Synthesizing Images and Videos from Large-scale Datasets

The Hong Kong University of Science and Technology
Department of Computer Science and Engineering

PhD Thesis Defence

Title: "Synthesizing Images and Videos from Large-scale Datasets"


Miss Mingming HE


The availability of large-scale visual data is increasingly inspiring 
sophisticated algorithms to process, understand and augment these 
resources. Particularly, with the rapid advancement of latest data-driven 
techniques, researchers have demonstrated exciting progress on a wide 
range of visual synthesis applications, drawing closer to the day that 
high-quality visual creation techniques are accessible to non-expert 
users. However, due to the lack of specific domain knowledge, the variety 
of target subjects, and the complexity of human perception, a majority of 
visual synthesis problems still remain challenging. In this dissertation, 
we focus on the algorithms for synthesizing both image color effects and 
video motion behaviors, to help create context-consistent and 
photorealistic visual content by leveraging the presence of large-scale 
visual data.

First, we propose an image algorithm to transfer photo color style from 
one image to another based on semantically meaningful dense 
correspondence. To achieve accurate color transfer results that respect 
the semantic relationship between image content, our algorithm leverages 
the features learned by a deep neural network to build the dense 
correspondence. Meanwhile, it optimizes local linear color models to 
enforce both local and global consistency. Semantic matching and color 
models are jointly optimized in a coarse-to-fine manner. This approach is 
further extended from "one-to-one" to "one-to-many" color transfer to 
boost the matching reliability by introducing more reference candidates.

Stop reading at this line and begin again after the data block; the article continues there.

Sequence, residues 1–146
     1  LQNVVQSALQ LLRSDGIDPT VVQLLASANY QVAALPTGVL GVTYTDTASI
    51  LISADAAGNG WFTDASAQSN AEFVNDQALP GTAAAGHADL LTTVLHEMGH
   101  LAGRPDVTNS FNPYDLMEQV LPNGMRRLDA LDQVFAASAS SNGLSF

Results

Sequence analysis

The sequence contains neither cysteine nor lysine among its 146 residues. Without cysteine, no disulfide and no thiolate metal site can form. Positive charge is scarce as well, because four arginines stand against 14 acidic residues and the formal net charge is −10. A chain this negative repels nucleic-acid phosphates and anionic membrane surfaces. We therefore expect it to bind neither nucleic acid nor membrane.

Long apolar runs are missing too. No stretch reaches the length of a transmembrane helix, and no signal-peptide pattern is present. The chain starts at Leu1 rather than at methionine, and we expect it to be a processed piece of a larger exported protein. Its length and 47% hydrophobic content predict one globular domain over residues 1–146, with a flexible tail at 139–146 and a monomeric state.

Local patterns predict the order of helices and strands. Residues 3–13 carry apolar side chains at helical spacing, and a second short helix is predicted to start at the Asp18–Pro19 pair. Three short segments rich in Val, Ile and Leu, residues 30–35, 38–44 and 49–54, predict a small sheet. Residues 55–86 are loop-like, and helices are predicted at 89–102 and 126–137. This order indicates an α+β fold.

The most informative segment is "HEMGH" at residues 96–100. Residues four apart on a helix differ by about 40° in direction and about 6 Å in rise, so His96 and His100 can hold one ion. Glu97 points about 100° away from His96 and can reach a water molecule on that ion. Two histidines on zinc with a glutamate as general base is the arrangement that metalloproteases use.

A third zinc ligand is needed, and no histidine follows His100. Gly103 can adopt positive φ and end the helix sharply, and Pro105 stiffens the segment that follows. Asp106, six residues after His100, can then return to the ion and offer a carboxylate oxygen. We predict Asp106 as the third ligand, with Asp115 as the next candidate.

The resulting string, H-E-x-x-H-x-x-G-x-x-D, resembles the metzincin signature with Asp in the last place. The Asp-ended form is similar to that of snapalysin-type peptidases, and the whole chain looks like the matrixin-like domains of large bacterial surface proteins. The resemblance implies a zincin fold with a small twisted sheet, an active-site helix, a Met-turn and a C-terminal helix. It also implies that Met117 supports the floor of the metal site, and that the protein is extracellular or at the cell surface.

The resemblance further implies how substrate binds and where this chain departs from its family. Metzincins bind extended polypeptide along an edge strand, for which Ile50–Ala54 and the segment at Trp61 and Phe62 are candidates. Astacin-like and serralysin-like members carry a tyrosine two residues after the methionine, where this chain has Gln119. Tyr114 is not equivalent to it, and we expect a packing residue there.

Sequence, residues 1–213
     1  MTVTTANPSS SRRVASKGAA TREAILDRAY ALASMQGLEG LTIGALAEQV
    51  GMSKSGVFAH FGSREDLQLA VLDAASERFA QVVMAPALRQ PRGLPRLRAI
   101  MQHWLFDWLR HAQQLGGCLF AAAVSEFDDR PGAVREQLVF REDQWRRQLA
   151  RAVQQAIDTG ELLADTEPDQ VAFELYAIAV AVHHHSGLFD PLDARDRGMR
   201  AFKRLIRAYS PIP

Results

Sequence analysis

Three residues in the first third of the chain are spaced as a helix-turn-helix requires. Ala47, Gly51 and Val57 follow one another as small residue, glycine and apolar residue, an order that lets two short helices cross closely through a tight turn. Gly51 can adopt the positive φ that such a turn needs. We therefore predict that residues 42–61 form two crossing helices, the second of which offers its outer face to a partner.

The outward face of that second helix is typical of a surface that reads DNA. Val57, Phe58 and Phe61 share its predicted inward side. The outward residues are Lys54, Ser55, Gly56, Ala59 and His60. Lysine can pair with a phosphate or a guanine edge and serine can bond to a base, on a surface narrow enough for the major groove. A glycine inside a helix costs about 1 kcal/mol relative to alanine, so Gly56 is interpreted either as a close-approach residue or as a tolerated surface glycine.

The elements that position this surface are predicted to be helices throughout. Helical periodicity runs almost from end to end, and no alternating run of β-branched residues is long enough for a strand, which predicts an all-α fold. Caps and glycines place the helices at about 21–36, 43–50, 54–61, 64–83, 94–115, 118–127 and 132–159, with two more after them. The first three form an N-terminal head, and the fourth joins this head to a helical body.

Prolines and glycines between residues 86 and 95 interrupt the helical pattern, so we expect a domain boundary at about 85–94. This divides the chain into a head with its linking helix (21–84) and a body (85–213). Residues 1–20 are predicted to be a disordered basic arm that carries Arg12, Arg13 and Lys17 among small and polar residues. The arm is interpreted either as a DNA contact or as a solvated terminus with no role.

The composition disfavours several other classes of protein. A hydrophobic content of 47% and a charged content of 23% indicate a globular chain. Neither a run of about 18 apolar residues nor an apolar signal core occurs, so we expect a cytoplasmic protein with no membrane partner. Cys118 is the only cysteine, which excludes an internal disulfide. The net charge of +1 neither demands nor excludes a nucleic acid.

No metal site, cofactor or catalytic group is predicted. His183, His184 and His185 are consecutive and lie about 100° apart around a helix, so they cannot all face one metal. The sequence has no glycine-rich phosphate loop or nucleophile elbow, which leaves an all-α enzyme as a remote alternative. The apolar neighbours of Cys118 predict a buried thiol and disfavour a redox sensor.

However, for exemplar-based color synthesis applications including color 
transfer and colorization, it is still challenging to handle image pairs 
involving unrelated contents. The above "one-to-many" method is not a 
practical solution. Therefore, we take advantage of deep neural networks 
to better predict consistent chrominance across the whole image, including 
those mismatching elements, to achieve robust single-reference image 
colorization. Specifically, rather than using handcrafted rules as in 
traditional exemplar-based methods, we design an end-to-end colorization 
network which learns how to select, propagate, and predict colors from the 
large-scale dataset. This network generalizes well even when using 
reference images that are unrelated to the input grayscale image.

Finally, besides synthesizing static images, we also explore video 
synthesis techniques by processing large-scale captures and manipulating 
their dynamism. We present an approach to create wide-angle, 
high-resolution looping panoramic videos. Starting with hundreds of 
registered videos acquired on a robotic mount, we formulate a 
combinatorial optimization to determine for each output pixel the source 
video and looping parameters that jointly maximize spatiotemporal 
consistency. Optimizing such large size of video data is challenging. We 
accelerate the optimization by reducing the set of source labels using a 
graph-coloring scheme, parallelizing the computation and implementing it 
out-of-core. These techniques are combined to create gigapixel-sized 
looping panoramas.

Date:			Thursday, 1 November 2018

Time:			3:00pm - 5:00pm

Venue:			Room 3494
 			Lifts 25/26

Chairman:		Prof. Bing-Yi Jing (MATH)

Committee Members:	Prof. Pedro Sander (Supervisor)
 			Prof. Huamin Qu
 			Prof. Chiew-Lan Tai
 			Prof. Ajay Joneja (ISD)
 			Prof. Tien-Tsin Wong (CUHK)

**** ALL are Welcome ****